fisherman fishing boat

Since breaking ties with Russia, the UK has been negotiating increased fishing quotas with other countries

The UK fishing industry will have access to over 2,200 tonnes of key stocks such as haddock and cod after the government struck a quota deal with the Faroe Islands for the rest of 2024.

The deal will see British fishermen benefit from 920 tonnes of cod and haddock, 600 tonnes of saithe, as well as redfish, blue ling and ling, flatfish and other species.

It follows recent negotiations with the EU and Norway that gave the UK access to 420,000 tonnes of fishing opportunities worth up to £700m.

Food, farrming & fisheries minister Mark Spencer said: “I’m pleased that we have been able to reach a deal with the Faroe Islands for 2024, giving UK fishing vessels access to key stocks such as haddock and saithe.

“This builds on the strong deals that the UK has already concluded with the EU and Norway for 2024, negotiating as an independent coastal state to support a profitable and sustainable UK fishing industry, while safeguarding our marine environment for future generations.”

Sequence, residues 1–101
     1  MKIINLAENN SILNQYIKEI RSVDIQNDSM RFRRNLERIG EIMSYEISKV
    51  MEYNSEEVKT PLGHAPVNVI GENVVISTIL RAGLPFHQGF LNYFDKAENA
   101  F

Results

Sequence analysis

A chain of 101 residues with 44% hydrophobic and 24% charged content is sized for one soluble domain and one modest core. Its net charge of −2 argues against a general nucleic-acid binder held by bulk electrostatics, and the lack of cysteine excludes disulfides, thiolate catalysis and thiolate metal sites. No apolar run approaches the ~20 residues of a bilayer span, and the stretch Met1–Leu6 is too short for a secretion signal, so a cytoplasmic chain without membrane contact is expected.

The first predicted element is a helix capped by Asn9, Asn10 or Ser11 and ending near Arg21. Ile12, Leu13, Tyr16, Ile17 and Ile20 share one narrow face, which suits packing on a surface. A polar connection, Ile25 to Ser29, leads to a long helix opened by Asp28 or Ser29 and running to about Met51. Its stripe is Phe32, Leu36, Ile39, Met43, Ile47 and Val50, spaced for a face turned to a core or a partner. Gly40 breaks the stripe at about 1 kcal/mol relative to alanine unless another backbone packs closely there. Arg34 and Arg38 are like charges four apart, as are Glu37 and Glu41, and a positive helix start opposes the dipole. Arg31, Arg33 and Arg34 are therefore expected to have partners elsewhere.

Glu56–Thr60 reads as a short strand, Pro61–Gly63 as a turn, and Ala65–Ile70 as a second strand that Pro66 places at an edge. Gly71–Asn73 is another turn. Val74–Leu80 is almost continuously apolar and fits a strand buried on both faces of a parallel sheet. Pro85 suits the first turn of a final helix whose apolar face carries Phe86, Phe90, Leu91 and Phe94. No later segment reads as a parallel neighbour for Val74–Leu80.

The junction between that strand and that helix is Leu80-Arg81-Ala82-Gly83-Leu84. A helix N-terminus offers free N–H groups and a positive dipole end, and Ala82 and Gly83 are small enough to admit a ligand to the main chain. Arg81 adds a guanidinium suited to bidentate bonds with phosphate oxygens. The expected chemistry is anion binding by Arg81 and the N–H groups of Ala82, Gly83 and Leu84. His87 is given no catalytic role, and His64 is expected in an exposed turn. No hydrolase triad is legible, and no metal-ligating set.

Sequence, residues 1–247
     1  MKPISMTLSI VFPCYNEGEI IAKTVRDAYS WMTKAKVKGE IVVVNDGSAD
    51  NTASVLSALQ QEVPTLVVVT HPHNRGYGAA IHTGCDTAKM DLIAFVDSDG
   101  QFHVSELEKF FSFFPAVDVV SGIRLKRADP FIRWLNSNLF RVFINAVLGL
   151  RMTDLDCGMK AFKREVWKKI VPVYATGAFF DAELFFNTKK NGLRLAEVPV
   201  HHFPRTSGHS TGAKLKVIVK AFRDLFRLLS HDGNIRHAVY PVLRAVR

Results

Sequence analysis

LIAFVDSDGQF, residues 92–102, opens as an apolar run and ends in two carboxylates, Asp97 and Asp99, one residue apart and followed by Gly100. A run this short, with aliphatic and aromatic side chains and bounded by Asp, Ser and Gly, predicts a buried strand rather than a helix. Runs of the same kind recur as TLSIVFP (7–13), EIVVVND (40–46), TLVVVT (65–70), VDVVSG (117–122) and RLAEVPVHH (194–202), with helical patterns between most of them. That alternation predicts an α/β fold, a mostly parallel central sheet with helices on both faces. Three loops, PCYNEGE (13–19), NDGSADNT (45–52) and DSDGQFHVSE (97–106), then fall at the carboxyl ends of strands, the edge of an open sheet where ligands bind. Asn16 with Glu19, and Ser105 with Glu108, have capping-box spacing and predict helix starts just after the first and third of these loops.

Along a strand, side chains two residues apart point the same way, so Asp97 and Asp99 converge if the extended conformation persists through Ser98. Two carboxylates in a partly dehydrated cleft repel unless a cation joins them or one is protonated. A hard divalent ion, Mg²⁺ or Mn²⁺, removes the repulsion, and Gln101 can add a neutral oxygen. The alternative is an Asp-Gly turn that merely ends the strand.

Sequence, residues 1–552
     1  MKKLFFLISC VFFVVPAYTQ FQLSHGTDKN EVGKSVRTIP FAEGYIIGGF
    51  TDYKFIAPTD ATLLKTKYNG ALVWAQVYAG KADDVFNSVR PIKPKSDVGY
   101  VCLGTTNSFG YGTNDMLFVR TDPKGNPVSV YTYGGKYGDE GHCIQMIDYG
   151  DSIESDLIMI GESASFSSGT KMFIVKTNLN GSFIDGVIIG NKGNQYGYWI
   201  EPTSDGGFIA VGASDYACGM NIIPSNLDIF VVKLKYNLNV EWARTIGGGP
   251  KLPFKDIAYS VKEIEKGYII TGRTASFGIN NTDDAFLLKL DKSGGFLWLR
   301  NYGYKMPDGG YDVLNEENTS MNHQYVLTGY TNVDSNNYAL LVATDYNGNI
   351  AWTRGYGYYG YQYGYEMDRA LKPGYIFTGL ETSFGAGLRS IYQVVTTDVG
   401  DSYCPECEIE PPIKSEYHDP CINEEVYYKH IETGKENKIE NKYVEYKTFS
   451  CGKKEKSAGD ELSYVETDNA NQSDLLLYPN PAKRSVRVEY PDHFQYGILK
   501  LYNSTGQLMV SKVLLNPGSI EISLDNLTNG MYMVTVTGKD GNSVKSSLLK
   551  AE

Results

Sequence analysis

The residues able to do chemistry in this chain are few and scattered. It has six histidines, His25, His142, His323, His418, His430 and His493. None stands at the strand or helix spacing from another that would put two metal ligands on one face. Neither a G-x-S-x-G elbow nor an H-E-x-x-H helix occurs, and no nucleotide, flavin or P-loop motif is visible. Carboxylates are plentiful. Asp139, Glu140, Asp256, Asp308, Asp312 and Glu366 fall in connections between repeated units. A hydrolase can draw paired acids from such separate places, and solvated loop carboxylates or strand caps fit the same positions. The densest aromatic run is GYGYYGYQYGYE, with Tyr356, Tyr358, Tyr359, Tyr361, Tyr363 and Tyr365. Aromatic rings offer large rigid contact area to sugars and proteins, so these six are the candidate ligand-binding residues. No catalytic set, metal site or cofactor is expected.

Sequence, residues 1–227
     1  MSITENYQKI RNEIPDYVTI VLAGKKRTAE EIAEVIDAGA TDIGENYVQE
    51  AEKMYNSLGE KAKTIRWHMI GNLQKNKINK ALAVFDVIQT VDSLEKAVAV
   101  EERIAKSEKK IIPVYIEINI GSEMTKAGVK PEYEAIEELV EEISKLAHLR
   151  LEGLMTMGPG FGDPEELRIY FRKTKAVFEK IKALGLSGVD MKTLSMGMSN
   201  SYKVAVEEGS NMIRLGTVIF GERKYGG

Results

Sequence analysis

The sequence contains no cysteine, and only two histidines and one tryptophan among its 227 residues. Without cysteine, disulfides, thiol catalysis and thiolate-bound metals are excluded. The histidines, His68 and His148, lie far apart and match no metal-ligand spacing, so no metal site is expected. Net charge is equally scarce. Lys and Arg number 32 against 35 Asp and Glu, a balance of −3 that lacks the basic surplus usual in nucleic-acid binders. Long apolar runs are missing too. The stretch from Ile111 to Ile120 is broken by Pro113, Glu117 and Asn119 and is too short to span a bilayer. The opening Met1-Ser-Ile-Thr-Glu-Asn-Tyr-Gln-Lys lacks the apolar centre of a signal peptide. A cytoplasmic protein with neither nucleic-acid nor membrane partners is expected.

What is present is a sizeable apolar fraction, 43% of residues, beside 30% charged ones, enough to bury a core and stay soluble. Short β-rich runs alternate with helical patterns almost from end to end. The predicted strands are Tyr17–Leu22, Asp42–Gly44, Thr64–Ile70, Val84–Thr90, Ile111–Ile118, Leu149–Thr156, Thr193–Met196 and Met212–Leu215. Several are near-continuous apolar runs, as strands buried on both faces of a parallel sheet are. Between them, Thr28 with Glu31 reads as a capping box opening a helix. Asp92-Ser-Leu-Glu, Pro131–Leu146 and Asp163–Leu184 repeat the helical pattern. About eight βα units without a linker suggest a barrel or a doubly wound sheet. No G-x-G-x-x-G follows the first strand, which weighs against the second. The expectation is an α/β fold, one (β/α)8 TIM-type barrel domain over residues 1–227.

Since Brexit, the UK has negotiated annually with the Faroese government under the bilateral framework agreement to consider potential exchanges of quota.

This year’s negotiations also built on the UK and Faroese commitments to co-operate on monitoring, control and surveillance measures, as well as scientific efforts.

The deal also comes at a time when Britain is looking for alternative sources of fish after breaking ties with Russia since its invasion of neighbouring Ukraine.

A 35% tariff on Russian fish has seen imports decline by more than half in the past year, revealed data from the Norwegian Seafood Council, presented at its annual UK Norway Seafood Summit last week.

However, the industry highlighted that a “loophole” in government policy was still allowing Russian whitefish to be sold in the UK.

Currently, the UK does not have any sanctions imposed on Russian whitefish coming into the nation via a third party, such as China – which has seen exports to the UK increase by 11% in the past year.

At the summit, fisheries minister Spencer said the government was not ruling out further sanctions as “we do need to send strong messages to the Russian government”.

“It is something that certainly we are considering, and we will see how much cod is going by that route,” he added.